A long term traveler and aspiring writer and photographer. To see more travel photos visit my page at Instagram/living_a_different_style.
Published July 4th 2017
Remembering Argentinas Political Past
There are many sights to see within Buenos Aires but perhaps none with such a profound relevance to the political struggles of the Argentine people. Having very few days in Buenos Aires, I decided to place the Plaza de Mayo high on my list of to-see tourist attractions.
The Plaza de Mayo is surrounded by impressive historic buildings.
The Plaza de Mayo is easily accessible by a variety of metro stations and a short walk will take you straight to the heart of Argentine political life. It is located in front of the Casa Rosada (the federal parliament building in Buenos Aires) and flanked by many impressive buildings and avenues.
The fallen vazlues of Argetine society and the distinctive white scarves of the Mothers of Mayo can be seen on the pavement in the background.
This has been the site of many famous protests and riots over the years. Many tourists, including myself, have heard of this historic site due to the famous protest of the Mothers of the Plaza de Mayo. During the Argentine military dictatorship many people were taken as political prisoners, tortured, and the quietly 'disappeared'. In 1977 the mothers of many of these 'desaparecidos', took to the streets of Buenos Aires with placards and photos of missing friends and family members and stood together in the Plaza de Mayo protesting the regime that took so many loved ones.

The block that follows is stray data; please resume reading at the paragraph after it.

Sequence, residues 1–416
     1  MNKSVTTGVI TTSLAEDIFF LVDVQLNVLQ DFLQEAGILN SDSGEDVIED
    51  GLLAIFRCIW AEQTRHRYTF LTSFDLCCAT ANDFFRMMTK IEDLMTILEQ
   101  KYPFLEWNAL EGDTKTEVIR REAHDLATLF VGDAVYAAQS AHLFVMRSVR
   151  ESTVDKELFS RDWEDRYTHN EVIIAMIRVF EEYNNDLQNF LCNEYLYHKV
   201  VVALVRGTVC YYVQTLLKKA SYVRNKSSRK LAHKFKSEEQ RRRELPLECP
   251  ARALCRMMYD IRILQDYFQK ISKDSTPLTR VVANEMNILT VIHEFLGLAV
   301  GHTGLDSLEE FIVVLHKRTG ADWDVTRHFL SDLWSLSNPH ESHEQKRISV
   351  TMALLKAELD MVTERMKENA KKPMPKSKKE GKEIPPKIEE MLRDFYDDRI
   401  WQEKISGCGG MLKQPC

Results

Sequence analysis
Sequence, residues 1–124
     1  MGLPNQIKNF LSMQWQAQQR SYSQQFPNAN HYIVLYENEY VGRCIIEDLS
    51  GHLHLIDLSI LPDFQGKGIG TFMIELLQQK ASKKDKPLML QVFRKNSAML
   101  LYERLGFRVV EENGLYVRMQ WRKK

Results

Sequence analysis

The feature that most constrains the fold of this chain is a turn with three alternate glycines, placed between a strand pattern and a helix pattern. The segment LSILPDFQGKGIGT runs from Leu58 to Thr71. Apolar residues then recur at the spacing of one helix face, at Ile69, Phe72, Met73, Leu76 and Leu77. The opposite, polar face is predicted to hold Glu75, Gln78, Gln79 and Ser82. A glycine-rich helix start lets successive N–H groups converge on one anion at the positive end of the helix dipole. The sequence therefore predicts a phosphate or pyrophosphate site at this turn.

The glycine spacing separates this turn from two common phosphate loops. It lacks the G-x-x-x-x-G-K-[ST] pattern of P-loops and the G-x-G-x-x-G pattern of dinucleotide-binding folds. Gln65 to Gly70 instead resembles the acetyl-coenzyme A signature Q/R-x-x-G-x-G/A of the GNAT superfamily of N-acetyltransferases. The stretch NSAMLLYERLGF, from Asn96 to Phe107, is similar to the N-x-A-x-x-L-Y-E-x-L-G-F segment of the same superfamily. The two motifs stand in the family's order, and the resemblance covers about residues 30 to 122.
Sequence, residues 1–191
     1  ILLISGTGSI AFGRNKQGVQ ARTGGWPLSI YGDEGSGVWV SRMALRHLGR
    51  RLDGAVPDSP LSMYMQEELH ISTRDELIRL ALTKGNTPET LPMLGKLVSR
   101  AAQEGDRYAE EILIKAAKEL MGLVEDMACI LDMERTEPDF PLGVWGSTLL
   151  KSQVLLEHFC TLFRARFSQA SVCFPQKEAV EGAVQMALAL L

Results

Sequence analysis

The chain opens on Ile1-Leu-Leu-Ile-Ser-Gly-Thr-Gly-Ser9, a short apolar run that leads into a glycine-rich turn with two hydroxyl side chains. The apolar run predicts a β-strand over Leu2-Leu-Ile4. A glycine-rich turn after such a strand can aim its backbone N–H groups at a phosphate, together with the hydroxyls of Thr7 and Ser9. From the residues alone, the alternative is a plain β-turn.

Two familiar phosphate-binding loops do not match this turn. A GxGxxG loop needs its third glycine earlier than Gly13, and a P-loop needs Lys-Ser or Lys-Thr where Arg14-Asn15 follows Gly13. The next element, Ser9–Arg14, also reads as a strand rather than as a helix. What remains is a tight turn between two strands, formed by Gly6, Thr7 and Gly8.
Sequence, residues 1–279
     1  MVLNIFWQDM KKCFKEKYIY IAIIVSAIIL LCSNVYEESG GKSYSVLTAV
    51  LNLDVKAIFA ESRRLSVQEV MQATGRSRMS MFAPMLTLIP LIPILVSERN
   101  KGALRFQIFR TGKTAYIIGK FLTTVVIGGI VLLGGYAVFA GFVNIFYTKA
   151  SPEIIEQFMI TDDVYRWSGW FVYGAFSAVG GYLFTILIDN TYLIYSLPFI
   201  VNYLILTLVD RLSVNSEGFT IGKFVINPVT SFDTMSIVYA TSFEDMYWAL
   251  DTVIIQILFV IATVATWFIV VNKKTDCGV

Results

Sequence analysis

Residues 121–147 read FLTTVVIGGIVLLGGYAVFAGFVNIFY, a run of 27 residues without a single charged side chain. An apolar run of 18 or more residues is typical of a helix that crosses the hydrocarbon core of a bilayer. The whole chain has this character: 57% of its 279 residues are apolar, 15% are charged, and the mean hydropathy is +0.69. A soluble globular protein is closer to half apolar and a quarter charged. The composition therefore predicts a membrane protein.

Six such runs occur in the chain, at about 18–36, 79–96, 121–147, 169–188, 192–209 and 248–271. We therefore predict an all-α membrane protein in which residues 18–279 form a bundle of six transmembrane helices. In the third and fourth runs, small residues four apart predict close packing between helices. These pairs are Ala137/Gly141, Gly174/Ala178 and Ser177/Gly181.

A pro-womens rights statement in front of the Casa Rosada.
As I walked the plaza and absorbed the significance of the site my sight was drawn to the current day political protests being made in the plaza. Women's rights to choose was something I was shocked to see. I'd assumed that this was an obsolete argument but in current day Argentina women still have no access to legal abortion.
The May Pyramid celebrates Argentina's independece from the Spanish empire.
There are monuments placed around the plaza. The central attraction is the May Pyramid, which commemorates the independence of the 'provinces of Mar de la Plata'. Also located within the plaza is a small field filled with crosses representing the 649 lives lost in the struggle with England over the Falkland Islands in 1982.
A memorial commemorating the lives of the soldiers lost during the Falkland War.
Visiting the Plaza de Mayo and sitting beneath the large shade trees contemplating the past and current struggles of the Argentine nation is a sobering experience. As an Australian, it is difficult to comprehend some of the realities Argentina has passed through and the repercussions the country is still experiencing. As I watched people pass by, seeing children play and hearing street vendors hawking their wares I could not help but think this country has, and will, flourish.